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5164RE: SHSI Contemporaries of Sherlock Holmes

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  • Tim Symonds
    Apr 25, 2017

      Sumalsn, this is very interesting information about Carrados. By coincidence, I heard recently that it simply isn’t true that when a person goes blind the other senses such as hearing sharpen up greatly to compensate.  Can anyone confirm or refute the belief the hearing grows more acute, for example?

       

      Tim

       

      From: SherlockHolmesSocietyofIndia@... [mailto:SherlockHolmesSocietyofIndia@...] On Behalf Of sumalsn
      Sent: 25 April 2017 05:39
      To: SherlockHolmesSocietyofIndia@...
      Subject: SHSI Contemporaries of Sherlock Holmes

       

       

      Dear Holmesians,

       

      There were many contemporaries of Sherlock Holmes who never achieved the renown he had.   

       

      One of the prominent  contemporaries was Max Carrados created by Ernest Bramah, perhaps the first ever blind detective, in a series of popular stories for the Strand Magazine.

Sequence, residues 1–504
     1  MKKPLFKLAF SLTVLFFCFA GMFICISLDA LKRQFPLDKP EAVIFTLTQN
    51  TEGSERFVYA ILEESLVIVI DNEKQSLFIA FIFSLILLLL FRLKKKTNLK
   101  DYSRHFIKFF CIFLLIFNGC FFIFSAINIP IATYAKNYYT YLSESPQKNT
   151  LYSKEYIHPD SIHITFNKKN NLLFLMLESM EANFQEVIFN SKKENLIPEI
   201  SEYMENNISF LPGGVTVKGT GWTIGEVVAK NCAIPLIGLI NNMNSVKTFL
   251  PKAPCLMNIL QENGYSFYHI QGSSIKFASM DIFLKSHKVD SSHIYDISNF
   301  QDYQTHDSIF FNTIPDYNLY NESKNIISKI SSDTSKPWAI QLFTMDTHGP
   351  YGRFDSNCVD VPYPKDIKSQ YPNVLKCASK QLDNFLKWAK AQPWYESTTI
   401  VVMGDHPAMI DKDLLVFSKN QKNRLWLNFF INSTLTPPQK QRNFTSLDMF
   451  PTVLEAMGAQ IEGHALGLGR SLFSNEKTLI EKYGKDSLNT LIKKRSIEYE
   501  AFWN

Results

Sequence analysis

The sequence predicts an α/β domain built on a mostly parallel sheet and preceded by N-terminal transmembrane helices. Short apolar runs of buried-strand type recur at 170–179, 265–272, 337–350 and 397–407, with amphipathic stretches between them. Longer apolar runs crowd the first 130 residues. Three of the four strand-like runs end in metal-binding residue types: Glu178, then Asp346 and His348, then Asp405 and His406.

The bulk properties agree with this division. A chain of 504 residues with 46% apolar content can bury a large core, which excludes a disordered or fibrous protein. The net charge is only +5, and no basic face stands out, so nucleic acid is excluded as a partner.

Although Carrados is blind, his other senses – especially his hearing – have more than made up for his lack of sight, and he can read newspaper print by touch and hear things which others are all but deaf to.



      The Max Carrados stories appeared alongside Sherlock Holmes  in the Strand Magazine, in which they often had top billing, and frequently outsold his eminent contemporary at the time, even if they failed to achieve the longevity of Holmes



      George Orwell declared them to be, along with Conan Doyle’s Sherlock Holmes canon and R. Austin Freeman’s stories, the only detective stories since Poe  that are worth re-reading’.  



      Regards,

      Sumalsn

       

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